Like-Kind Exchange Aids Investment Property Investors

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Now that taxes on long-term gains have risen for high-bracket taxpayers, a tax-deferred property exchange is a better deal than it has been in recent years.

It can also solve a logistical problem if you relocate when you retire and you don't want to be an absentee landlord.

Rather than keep the original property, doing a like-kind exchange enables you to own another investment property in your new retirement location.

The new property might provide much-needed retirement income.

Also known as a 1031 exchange, by doing this swap rather than selling the old property and buying a new one, you can defer and perhaps avoid the capital-gains tax bill.

Investors recognize the benefits of these swaps. Nearly 160,000 individual taxpayers reported them in 2010, the latest year on record. They filed IRS Form 8824, for Like-Kind Exchanges.

Fewer than 110,000 individuals reported such exchanges for 2000. By 2005 that number was nearly 300,000. With tax rates on cap gains back up, like-kind swaps may rebound as well.

Here's one way such a deal works. Say that a hypothetical Ed Byrd lives in Ohio. He's about to retire and move to Texas.

For years, Byrd has owned a small apartment building in his hometown. But he does not wish to be a long-distance landlord.

Due to depreciation deductions, Byrd has a low basis in this property. A sale would generate a steep tax bill. With Byrd's high income, he would owe a 20% tax on long-term cap gains. That's up from 15% in prior years.

He also would owe the new 3.8% Medicare surtax on net investment income. And his itemized deductions would be reduced, effectively raising his tax rate on the sale.

All of these higher taxes have different income thresholds. The Medicare surtax, for example, kicks in at $200,000 of modified adjusted gross income for singles and $250,000 for couples filing jointly.

Affluent Taxpayers Beware

The bottom line is that taxes on property sales are now higher for upper-income taxpayers. So an exchange that defers or avoids tax can pay for itself, sometimes in just a few years.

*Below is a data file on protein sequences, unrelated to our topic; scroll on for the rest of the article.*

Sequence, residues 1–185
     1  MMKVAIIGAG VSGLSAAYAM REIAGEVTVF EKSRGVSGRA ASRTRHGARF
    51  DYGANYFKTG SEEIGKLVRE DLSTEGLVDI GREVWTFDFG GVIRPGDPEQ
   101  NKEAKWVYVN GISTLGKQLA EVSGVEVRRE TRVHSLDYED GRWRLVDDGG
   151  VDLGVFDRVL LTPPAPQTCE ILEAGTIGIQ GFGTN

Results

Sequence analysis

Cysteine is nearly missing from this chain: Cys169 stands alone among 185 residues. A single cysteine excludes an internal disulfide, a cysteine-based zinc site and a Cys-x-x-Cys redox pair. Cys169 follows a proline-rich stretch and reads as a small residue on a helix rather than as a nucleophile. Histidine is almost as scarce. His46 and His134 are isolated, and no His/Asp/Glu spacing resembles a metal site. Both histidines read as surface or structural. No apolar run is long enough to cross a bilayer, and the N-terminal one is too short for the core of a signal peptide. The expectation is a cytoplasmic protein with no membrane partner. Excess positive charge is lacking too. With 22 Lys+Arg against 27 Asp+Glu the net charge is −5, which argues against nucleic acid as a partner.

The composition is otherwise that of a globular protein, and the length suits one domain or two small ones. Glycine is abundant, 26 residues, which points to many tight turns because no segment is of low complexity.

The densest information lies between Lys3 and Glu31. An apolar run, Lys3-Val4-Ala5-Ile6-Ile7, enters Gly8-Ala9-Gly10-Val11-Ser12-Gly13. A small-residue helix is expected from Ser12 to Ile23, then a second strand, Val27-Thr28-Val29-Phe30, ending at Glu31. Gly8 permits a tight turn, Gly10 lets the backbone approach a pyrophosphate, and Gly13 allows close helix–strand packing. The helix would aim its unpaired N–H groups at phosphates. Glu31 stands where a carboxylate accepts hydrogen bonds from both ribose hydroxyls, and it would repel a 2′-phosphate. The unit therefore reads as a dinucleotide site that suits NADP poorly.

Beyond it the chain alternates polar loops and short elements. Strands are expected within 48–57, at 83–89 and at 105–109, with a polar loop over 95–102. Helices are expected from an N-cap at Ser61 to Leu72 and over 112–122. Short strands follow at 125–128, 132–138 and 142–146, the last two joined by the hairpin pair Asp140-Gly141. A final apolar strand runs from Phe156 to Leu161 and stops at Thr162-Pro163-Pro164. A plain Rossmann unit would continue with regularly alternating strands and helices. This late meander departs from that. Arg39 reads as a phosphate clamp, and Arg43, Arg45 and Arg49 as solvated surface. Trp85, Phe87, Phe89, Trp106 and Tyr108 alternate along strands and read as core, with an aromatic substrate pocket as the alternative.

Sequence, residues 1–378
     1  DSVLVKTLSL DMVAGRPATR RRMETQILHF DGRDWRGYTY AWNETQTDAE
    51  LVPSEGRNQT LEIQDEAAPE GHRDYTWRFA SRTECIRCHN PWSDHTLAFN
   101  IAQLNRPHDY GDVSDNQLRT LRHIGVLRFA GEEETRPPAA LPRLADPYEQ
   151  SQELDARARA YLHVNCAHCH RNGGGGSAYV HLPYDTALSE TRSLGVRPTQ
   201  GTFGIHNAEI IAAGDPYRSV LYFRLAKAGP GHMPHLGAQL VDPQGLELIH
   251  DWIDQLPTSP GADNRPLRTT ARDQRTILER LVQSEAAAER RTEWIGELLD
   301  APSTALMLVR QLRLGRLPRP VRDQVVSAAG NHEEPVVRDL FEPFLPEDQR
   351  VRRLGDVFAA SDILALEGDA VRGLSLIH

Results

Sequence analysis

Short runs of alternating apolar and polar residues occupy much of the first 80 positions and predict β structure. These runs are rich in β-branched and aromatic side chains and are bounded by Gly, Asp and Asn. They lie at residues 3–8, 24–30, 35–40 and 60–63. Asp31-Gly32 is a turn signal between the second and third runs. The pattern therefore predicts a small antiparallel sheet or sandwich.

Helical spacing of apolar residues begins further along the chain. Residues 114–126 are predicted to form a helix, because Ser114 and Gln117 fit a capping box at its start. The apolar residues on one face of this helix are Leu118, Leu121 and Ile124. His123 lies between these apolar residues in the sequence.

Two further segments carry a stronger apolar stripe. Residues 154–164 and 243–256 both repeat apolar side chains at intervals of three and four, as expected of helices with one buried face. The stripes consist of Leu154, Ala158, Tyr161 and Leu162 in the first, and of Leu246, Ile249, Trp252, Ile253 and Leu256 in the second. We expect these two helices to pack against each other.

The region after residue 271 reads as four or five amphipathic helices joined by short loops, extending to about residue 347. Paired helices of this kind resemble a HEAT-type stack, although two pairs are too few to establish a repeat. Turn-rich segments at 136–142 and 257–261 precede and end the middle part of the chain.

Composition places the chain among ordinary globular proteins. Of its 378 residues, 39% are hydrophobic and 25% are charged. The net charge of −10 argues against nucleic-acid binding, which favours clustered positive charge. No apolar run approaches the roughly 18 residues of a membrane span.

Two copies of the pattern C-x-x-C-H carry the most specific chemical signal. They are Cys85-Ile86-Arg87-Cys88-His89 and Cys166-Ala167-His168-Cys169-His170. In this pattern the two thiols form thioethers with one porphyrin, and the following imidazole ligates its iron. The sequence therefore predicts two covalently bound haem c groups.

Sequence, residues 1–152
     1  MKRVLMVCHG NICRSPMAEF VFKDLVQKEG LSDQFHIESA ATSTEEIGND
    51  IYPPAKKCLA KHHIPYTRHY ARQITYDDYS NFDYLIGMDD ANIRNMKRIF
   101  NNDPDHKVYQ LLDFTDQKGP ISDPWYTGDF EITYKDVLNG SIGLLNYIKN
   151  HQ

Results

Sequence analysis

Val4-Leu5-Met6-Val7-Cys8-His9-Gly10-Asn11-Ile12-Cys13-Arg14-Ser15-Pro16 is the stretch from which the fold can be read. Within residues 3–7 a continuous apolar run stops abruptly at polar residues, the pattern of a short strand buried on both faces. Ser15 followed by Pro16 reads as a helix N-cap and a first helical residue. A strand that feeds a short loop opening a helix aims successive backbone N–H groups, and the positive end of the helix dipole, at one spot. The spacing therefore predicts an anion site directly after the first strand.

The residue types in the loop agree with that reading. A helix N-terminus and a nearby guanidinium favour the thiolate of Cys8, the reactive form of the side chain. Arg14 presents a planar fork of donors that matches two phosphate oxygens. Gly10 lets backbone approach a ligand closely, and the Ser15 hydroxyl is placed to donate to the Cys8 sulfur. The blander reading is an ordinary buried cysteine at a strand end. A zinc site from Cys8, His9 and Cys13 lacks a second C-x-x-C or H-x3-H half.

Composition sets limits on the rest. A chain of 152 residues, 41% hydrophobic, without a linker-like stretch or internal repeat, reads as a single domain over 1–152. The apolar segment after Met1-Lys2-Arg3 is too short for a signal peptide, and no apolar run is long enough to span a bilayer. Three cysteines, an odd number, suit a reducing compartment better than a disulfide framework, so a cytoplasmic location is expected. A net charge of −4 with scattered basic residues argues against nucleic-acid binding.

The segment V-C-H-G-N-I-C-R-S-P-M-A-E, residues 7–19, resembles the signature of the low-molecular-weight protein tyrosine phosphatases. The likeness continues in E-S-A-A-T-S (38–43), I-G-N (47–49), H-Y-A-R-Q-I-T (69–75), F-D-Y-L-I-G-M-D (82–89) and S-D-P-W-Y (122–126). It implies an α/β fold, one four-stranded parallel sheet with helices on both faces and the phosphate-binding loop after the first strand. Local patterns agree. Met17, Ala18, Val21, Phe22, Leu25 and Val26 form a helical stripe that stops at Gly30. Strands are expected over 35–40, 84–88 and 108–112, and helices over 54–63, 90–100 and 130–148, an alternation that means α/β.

To qualify, Byrd can sell his Ohio apartment house. He must arrange for the proceeds to be held by an unrelated intermediary. This can't be the seller's relative, employee, current attorney or accountant. A lawyer you haven't used in the past two years is OK. Look for one familiar with 1031 swaps.

Any kind of investment property can be the replacement. Byrd might find real estate that will demand little of his time yet deliver retirement cash flow.

Once he finds the new investment, Byrd can have the intermediary buy it for him, using the proceeds from the recent sale. To qualify for tax deferral, Byrd can't pocket cash or benefit from lower property debt.

There is a catch: time limits on the transaction. You must list potential replacements within 45 days of selling your original property. And you must buy the new one within 180 days of the sale.

Finding, negotiating, and closing a deal on investment property can take time. So line up a replacement property while selling the old one.

After one exchange, you can keep swapping and keep up the tax deferral. If you refrain from a nonexchange sale until your death, your heirs will get a basis step-up to current value and your lifetime appreciation won't be taxed.



The views and opinions expressed herein are the views and opinions of the author and do not necessarily reflect those of The NASDAQ OMX Group, Inc.



This article appears in: Investing , Mutual Funds

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